Help! What Can My Teen Do This Summer?

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“Help!” The cry of parents can be heard across the country as summer approaches. First everyone has to calm down and get a grip. Yes, your kids are out of school for a break, but that doesn’t mean they must be lying around your house watching TV, playing computer games, or using their cell phone’s entire data plan. Actually this fear can be turned into a very good question: “What can my teen do this summer?”
The key to this question is the word “can”. There are a lot of summer options for all ages of teens. Teens, but especially younger teens can work in the neighborhood by babysitting, mowing lawns, pet sitting, or helping neighbors with improvement projects at their homes. Older teens can work in businesses in the community for pay. I highly recommend all kids work during the summer in some way or another. Some jobs may involve payment of money. The jobs that pay money are required to follow the child labor laws of that state. Parents need to watch and make sure that their teen is not being treated unfairly. I would suggest opening a bank account for the summer money, with a prearranged agreement between parent and student on how much money can be spent at the end of the summer and what it can be spent on.
Some of the best work experiences for teens are in the form of Internships. Internships are an excellent work opportunity for an older teen that would not necessarily pay money, but would be a tremendous opportunity to put on a resume or college application. Many businesses or medical offices will allow a teen to “volunteer” and get great experience in their field of interest. Just being in the work environment will be eye-opening. What a great way for a student to try out a career that interests him prior to committing and declaring a major in college. Many internship opportunities can be found through family connections in the community, but some are more prestigious and require an application. If it is too late for this summer, make a note of how and when the prestigious internship’s application is available and get it in for next summer!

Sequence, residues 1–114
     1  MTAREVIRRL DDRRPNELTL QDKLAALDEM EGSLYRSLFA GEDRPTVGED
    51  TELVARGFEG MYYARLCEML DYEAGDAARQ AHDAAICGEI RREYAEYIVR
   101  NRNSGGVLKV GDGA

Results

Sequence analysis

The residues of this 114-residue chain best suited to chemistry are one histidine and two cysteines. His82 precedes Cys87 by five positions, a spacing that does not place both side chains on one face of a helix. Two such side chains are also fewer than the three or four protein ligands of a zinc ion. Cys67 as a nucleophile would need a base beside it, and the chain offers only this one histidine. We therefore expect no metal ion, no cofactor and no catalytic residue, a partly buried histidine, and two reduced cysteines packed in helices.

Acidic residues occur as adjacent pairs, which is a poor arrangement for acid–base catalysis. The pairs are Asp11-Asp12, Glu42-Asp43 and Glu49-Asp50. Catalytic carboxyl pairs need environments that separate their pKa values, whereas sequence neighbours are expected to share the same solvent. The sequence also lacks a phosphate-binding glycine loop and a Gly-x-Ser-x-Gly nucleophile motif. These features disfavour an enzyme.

Another summer opportunity is more school! If a student is failing a class or falling behind on course credits, then summer school is the mandatory answer. School is the student’s work first and foremost, and if he is not doing his school work then he cannot do other work. Most schools offer summer school. However, if the student was planning to be away during the summer, perhaps to the other parent’s house, then it is good to know that if the school in the other city is accredited then summer school credit taken there will transfer back to the student’s home school. There should be no way to wiggle out of making up a failed class grade or credit over the summer.
Another great summer opportunity is camp. Camp can combine work and fun. There are tons of camps of every sort: academic camps offered through schools or universities, religious or church camps, sports camps through a school, athletic organization, or the community, and camps for other interests such as art, music, or outdoor activities. Many camps cost fees, but there are many camp scholarships available for application.
The bottom line is teens should not be sitting at home all summer while their parents work. That is a recipe for disaster. They need to begin to understand the concept of work each and every summer of their teen years. This is an important piece of their education; in fact, working in the summer can be just as important as classes during the school year. Work can be fun and lifetime support relationships can be made during a summer opportunity. Who doesn’t need another adult in their life to teach them, encourage them, and support them as they grow? I know I had these relationships in the community as a teen, and I still keep in touch with some of my past mentors.
As a guidance counselor, I worked with one family that both parents worked full time and they did not want their two sons sitting around all summer unsupervised. The parents got busy connecting, networking, and looking into community summer opportunities. The older son “volunteered” in a research lab at the local university. The first two years he washed test tubes, did a lot of work no one else wanted to, and observed. The last two years he was allowed to begin to participate in the research work. This four summer experience was instrumental in being award the biggest scholarship award in the state. The younger son began to “volunteer” at the local community center teaching senior citizens about cell phones, the internet, and computer classes. At the same time, he began to work on his own cell phone application. Before you knew it, he was a senior in high school launching his own app! And yes, this earned him the largest scholarship award in the state also.
So parents, take a deep breath and think, “What can my kid do this summer?”

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